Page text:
Yeah, there will be issues you have to deal with. I don’t have all the answers.

This is where Daniel Kahneman comes in. In your book you describe conversations you two had about a transition between our world and the singularity. You thought that society would be able to handle the transition, but Kahneman argued that it would be full of tumult, even violence.

Yeah, he thought there’d be conflict. I was more optimistic. I’m not saying that everything’s going to be perfect, but would you want to go back to, say, several hundred years ago, when our lifespan was around 30? When we had no electronics at all, and no one could remember anything, and we hadn’t invented the record player? Life was pretty terrible. We’re much happier now. And I’ve got 50 different graphs that show everything has gotten better. People don’t remember that.

I’m worried that we’re going back to a more dangerous time, and AI in the hands of bad actors might make it worse. In your book you concede that AI might wreak more havoc than World War II.

Yes, I talk about the perils. But I think they’re unlikely. People who are negative about AI say that we have no way of dealing with these issues. Well, that’s because we haven’t had to deal with them yet. We will have the added intelligence to think about avoiding the perils.

You put a stake in the ground with your book The Singularity Is Near. This one is called The Singularity Is Nearer. How do you define the singularity?

To me it’s when a human will not only be able to do everything that other people can do, but also create something new, like curing certain forms of cancer. AI is integral to doing that, because you can actually try out every single possible combination of things that might cure cancer. And instead of asking which one of those billions of possible cures are we going to try, we can try them all, and we can simulate them in a few days. The singularity is when we can actually combine that kind of thinking with our normal thinking, and we will then become superhuman.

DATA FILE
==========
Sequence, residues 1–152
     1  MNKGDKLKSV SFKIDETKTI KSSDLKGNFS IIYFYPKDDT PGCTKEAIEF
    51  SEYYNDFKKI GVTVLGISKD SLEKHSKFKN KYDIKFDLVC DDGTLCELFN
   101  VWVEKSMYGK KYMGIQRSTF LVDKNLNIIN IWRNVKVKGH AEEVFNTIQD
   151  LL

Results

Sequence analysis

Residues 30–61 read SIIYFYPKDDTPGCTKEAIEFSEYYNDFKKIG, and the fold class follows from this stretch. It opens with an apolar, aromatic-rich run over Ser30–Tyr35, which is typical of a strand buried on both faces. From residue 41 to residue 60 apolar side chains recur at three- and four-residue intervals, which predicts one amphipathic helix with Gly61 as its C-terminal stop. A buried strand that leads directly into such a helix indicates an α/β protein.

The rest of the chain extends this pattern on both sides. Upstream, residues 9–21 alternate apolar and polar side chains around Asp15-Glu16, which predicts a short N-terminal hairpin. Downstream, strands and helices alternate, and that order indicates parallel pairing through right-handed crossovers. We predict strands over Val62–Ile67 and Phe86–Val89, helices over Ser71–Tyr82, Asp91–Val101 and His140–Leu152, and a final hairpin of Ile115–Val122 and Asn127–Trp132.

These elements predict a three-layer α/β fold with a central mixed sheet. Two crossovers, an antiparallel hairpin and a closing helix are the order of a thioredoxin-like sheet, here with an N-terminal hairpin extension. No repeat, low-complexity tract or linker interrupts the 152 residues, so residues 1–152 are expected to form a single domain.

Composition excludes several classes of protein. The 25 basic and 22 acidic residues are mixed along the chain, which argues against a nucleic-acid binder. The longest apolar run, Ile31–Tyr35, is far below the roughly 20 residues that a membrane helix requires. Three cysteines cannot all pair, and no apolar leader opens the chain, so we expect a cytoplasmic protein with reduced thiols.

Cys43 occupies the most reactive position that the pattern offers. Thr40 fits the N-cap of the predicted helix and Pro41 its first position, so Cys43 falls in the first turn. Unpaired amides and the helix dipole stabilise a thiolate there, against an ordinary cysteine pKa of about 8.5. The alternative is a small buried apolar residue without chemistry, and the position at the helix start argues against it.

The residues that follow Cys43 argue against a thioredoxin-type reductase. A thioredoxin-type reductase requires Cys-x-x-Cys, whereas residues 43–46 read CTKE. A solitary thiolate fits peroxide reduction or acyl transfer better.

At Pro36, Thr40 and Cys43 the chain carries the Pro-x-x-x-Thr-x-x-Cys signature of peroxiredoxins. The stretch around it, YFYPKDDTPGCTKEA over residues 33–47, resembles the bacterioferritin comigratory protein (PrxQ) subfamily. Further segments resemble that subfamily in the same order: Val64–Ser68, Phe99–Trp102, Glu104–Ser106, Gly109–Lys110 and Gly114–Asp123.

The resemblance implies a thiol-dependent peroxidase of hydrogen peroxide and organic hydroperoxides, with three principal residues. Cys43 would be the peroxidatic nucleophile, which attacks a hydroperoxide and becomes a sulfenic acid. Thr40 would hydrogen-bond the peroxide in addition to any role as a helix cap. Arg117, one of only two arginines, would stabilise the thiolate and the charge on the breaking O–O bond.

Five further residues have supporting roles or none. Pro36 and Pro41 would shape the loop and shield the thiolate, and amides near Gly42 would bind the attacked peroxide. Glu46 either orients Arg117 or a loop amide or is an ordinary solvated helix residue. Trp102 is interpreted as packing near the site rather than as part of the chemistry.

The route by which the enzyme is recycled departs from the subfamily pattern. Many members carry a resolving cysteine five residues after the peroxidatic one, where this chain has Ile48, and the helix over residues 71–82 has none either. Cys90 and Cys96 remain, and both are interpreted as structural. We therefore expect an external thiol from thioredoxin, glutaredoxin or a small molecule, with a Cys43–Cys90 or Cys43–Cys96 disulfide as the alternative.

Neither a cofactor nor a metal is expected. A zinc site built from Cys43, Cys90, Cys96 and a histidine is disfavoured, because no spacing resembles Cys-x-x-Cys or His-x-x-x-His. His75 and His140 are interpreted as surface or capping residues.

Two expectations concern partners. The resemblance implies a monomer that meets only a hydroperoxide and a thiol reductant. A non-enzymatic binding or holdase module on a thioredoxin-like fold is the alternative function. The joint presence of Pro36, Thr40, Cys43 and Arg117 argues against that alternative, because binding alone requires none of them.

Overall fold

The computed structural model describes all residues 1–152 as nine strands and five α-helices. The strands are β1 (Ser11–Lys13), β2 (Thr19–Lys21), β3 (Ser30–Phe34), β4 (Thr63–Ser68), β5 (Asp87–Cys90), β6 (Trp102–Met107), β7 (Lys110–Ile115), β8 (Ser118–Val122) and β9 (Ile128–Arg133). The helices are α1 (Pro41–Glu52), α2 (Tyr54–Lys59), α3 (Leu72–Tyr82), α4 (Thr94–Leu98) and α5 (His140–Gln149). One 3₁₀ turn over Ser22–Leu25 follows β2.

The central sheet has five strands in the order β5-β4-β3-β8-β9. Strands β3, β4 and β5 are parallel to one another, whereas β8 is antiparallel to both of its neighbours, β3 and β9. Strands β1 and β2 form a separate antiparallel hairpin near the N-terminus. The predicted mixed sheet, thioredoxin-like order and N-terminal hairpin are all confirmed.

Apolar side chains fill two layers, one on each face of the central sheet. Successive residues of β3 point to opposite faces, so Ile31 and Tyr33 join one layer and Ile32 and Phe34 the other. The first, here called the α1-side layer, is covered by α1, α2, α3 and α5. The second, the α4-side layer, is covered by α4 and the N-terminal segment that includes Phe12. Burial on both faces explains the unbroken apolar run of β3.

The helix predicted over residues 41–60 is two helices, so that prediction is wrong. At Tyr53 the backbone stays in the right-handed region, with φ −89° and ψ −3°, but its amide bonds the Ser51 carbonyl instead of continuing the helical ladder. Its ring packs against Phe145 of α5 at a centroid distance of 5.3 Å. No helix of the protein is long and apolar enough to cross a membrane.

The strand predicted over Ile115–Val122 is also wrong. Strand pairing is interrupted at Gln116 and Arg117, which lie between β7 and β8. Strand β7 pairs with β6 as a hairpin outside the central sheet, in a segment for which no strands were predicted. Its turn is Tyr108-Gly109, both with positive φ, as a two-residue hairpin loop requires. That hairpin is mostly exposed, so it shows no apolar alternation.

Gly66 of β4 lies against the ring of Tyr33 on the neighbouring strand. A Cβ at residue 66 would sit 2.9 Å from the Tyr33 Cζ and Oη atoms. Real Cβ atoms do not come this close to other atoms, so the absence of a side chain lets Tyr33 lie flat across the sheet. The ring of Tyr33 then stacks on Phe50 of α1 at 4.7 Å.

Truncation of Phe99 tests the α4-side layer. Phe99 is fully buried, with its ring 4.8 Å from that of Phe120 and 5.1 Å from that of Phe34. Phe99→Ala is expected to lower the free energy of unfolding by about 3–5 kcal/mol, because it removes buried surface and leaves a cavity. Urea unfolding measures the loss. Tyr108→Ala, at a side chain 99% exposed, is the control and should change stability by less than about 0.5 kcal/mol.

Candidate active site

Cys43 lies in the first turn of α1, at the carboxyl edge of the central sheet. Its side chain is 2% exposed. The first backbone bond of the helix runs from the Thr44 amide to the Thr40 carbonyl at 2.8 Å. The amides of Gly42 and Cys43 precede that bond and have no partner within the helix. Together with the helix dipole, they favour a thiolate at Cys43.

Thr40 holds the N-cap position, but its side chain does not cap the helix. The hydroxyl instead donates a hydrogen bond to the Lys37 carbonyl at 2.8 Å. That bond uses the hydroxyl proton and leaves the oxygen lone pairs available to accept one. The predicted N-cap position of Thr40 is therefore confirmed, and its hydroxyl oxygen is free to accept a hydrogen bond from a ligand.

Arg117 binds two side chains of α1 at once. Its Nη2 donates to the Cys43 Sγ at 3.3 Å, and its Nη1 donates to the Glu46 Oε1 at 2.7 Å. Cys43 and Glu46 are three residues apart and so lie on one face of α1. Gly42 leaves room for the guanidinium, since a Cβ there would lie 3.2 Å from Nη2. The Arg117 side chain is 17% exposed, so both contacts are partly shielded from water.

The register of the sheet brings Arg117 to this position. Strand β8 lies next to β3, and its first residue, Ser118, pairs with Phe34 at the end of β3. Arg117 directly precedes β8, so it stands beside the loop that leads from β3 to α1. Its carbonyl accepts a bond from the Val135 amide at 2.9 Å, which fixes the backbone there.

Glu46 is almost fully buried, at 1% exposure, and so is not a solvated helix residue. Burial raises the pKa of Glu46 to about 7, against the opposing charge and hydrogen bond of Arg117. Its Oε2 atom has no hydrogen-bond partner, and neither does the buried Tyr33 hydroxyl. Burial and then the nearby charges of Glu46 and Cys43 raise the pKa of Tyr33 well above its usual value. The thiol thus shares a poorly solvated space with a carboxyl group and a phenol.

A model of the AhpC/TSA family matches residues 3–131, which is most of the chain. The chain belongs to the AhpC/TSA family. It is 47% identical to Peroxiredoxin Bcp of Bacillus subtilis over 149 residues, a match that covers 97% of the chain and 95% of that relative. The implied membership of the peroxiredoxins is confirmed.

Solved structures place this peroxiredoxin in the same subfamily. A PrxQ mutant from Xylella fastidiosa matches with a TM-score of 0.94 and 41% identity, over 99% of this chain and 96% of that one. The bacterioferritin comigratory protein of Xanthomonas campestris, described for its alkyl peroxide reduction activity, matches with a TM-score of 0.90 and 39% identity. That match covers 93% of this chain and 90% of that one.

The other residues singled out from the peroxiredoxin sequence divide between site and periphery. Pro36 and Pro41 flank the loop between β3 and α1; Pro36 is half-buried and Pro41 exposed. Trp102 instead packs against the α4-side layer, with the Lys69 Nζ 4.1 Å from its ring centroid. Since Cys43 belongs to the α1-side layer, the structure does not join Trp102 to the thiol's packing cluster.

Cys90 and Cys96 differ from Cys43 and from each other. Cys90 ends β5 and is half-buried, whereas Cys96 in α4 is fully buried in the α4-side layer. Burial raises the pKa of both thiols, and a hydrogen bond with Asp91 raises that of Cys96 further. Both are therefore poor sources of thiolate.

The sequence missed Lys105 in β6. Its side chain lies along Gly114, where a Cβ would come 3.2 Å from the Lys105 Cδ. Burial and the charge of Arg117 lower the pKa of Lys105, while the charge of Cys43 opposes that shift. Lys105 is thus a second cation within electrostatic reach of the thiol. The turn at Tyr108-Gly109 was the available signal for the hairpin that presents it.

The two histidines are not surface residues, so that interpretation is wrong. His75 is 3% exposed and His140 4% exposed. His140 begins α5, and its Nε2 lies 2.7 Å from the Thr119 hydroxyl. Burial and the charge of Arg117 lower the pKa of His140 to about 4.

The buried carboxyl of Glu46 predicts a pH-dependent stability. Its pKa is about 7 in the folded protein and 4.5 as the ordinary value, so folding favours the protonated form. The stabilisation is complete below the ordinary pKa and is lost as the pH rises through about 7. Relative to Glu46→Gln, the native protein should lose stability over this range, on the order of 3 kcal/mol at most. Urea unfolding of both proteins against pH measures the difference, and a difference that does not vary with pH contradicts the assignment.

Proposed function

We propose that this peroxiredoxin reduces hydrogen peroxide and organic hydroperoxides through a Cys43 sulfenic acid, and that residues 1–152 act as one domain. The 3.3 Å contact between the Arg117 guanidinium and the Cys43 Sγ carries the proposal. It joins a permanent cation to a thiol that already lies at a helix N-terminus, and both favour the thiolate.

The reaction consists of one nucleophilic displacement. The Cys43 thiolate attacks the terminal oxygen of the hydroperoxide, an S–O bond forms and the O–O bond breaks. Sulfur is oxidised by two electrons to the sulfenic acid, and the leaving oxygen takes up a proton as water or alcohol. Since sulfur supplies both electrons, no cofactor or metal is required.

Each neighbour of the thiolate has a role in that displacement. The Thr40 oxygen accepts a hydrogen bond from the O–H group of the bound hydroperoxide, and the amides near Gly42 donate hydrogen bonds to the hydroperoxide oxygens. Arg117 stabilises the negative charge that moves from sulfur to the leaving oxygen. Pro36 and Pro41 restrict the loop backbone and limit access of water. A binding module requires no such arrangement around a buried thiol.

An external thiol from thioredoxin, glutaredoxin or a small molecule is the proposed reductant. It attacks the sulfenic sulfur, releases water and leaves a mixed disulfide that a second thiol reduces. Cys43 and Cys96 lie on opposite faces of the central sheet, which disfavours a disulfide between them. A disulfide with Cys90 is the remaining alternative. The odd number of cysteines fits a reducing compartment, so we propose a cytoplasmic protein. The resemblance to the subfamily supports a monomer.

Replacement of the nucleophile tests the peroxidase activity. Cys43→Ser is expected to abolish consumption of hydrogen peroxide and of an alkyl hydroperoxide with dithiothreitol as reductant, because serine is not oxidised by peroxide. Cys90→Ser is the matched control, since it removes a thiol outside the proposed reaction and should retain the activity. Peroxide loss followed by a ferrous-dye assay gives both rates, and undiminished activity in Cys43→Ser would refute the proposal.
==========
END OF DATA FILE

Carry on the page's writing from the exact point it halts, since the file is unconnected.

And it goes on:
If we get to that point where we’re all merged with superintelligent systems, will there still be huge personal fortunes, or will income inequality be mitigated at that point?

What’s the difference between, say, us and billionaires? They can sell companies and so on. But in terms of our ability to enjoy the fruits of life, it’s pretty much the same.

More than half the people in the United States can’t come up with $500 for an emergency. Are you confident that the social safety net, and universal basic income and programs like that, will equally share this promised abundance?

The safety net has expanded enormously. It’s hundreds of programs. And it’s going to keep doing that. Is that guaranteed? No. It depends on decisions that we make, and what kind of political systems we deploy. Once we get to AGI, computers will be able to do anything, including cleaning the dishes and coming up with poetry—anything you say, these machines can do.

Your views strike me as Panglossian. Do you feel that humans are essentially good?

Yes. Out of all of this turmoil, we’ve gotten technology, which never would have happened without brains combined with opposable thumbs. Good things happen.

You could argue that we’re destroying the planet.

Well, no. Within 10 years we’ll come up with renewable energy that doesn’t produce carbon dioxide. Look, we’re going through a very big change. People—not just scientists and philosophers—are asking, “How are we going to handle this?” I think those changes will continue to be positive. We don’t have to worry about it.

Vernor Vinge, who first fleshed out the singularity concept, also died recently. Were you in touch with him?

I was in touch with him along the way. I think the last time was probably 10 years ago. How old was he?

I think he was in his eighties. [Kurzweil reaches for his phone.] Yeah, check that part of your brain.

[Looking at the screen] OK, he was born in ’44. just died in ’24. Seventy-nine. It’s fairly young.


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Steven Levy